An Anti-Alcohol Message

R: Unknown. D: Glen White, Sadie Weston. P: Gem Motion Picture Company. USA 1913
Print: EYE (Jean Desmet Collection)
Dutch titles

“Almost from the very outset motion picture producers found a lucerative niche producing films with an anti-alcohol message. The 1902 film Les victimes de l’alcoolisme was the first attempt by the newly formed Pathé company to exploit the burgeoning demand for anti-absinthe and anti-alcohol propaganda. Les Victimes de l’alcool (1911), a far more sophisticated film, was enthusiastically promoted by the temperance movement and was a huge success for Pathé. Absinthe (1913) is the only surviving U.S.-made absinthe related motion picture from the pre-ban era, featuring one of the very few filmed versions of absinthe being prepared and consumed.”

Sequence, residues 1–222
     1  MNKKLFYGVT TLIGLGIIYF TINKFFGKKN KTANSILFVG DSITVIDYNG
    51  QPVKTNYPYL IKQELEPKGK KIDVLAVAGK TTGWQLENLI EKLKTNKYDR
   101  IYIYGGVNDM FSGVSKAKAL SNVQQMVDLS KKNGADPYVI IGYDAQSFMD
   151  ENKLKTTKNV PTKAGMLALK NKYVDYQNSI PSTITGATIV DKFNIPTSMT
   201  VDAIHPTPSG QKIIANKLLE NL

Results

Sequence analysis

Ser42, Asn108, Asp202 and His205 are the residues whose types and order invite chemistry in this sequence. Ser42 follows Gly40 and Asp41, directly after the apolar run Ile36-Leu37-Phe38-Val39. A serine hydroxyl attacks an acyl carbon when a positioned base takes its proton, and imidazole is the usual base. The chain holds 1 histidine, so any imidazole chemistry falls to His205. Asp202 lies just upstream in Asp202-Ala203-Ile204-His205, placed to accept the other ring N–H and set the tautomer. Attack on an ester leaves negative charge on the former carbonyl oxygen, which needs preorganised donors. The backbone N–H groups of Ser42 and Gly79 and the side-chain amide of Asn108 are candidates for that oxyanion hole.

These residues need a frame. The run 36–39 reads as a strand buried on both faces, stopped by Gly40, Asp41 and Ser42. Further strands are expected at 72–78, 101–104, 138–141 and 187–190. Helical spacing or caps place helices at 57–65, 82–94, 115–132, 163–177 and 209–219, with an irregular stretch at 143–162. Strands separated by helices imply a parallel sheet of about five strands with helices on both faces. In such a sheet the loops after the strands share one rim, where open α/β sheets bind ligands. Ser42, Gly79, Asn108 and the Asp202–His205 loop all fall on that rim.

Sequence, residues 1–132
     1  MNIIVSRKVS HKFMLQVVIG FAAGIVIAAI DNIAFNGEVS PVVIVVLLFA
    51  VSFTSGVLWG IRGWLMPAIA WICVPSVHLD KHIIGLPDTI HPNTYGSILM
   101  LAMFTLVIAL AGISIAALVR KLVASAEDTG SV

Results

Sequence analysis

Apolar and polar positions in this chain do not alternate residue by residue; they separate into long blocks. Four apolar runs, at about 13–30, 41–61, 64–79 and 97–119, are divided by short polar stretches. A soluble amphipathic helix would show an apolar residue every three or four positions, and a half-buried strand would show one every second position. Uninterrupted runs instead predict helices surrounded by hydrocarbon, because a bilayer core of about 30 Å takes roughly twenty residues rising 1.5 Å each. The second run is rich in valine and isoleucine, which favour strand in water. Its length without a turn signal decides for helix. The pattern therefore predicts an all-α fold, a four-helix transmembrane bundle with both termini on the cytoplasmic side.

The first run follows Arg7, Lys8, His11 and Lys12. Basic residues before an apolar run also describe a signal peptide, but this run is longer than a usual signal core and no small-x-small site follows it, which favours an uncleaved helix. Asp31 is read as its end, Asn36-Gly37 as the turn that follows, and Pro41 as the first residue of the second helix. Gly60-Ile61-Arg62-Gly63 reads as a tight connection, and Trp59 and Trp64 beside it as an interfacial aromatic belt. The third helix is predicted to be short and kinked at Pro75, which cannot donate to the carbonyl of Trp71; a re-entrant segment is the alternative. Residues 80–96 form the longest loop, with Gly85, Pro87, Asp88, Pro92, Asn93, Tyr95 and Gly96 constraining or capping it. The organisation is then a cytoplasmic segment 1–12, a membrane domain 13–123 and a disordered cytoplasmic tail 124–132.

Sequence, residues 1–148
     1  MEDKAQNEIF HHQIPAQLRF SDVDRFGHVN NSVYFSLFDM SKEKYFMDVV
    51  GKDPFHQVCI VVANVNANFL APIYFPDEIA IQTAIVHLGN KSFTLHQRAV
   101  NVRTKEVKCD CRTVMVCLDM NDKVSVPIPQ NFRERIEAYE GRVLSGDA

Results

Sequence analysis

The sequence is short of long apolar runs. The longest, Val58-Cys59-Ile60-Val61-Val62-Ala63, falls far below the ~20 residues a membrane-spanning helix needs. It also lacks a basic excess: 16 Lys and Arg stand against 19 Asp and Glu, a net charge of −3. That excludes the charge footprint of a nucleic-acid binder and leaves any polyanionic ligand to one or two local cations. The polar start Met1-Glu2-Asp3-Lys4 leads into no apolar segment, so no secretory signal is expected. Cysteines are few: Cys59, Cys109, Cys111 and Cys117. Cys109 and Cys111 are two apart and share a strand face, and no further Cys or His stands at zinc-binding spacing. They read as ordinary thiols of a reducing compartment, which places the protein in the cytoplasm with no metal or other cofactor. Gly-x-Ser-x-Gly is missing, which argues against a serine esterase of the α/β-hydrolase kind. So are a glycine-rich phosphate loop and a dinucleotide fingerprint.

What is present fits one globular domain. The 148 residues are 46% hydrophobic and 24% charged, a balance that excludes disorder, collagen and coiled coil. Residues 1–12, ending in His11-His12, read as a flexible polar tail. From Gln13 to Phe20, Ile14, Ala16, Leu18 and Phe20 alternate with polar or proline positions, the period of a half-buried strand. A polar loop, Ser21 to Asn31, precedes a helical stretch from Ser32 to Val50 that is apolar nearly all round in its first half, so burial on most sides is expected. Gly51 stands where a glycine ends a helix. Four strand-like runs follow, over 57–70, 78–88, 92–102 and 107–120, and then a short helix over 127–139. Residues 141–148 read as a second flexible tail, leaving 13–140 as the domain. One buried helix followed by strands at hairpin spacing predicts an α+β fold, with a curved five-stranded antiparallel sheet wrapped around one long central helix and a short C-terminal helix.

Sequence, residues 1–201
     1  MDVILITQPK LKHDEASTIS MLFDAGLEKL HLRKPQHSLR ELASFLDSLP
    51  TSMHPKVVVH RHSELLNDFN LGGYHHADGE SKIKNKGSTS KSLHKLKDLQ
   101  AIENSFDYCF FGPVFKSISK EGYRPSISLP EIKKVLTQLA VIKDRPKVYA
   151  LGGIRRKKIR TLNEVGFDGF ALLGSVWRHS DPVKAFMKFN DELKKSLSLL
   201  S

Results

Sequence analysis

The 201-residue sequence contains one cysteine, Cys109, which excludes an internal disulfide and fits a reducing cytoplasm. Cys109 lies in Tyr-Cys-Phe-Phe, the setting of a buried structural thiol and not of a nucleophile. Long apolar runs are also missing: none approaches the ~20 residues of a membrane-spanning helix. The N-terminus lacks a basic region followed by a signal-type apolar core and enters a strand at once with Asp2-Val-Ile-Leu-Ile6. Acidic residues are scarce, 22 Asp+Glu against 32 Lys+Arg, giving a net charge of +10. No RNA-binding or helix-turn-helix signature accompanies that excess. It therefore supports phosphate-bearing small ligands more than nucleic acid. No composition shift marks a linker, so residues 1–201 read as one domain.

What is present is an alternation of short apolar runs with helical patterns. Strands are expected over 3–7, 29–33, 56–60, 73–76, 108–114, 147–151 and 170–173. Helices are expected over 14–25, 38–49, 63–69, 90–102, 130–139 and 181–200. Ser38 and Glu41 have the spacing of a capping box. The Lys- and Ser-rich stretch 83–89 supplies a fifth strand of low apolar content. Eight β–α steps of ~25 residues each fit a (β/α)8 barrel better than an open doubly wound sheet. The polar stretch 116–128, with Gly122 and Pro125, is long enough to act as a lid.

UC Berkeley

The Lesson
R: David W. Griffith. B: Dell Henderson. K: G.W. Bitzer. D: W. Chrystie Miller, Joseph Graybill, Stephanie Longfellow, Edward Dillon, Alfred Paget. P: Biograph Company. USA 1910
Print: EYE
Dutch titles

“At one time the Biograph Company had quite a reputation for sermons. Here is one which has much of the original flavor, representing a young man disobeying the wishes of his father, a minister, to become a preacher; sinking lower and lower until just as his father dies he kills a man in a saloon brawl, and but for the plea of a sister would have been taken to prison, even as his father died. Whatever may be thought of this type of picture individually, the power it exerts upon an audience cannot be questioned. Like the horrible examples graphically shown in the goody-goody Sunday school books these films possess a fascination which cannot be denied, yet perhaps few would care to acknowledge its influence. The dramatic attractiveness in this particular instance consists in reproducing a domestic scene, unhappily too common, in some of its aspects at least, in such a way that the events seem to be transpiring before the audience. It is a graphic and impressive illustration of the commandment to honor, which means obey, one’s parents.”
The Moving Picture World, December 31, 1910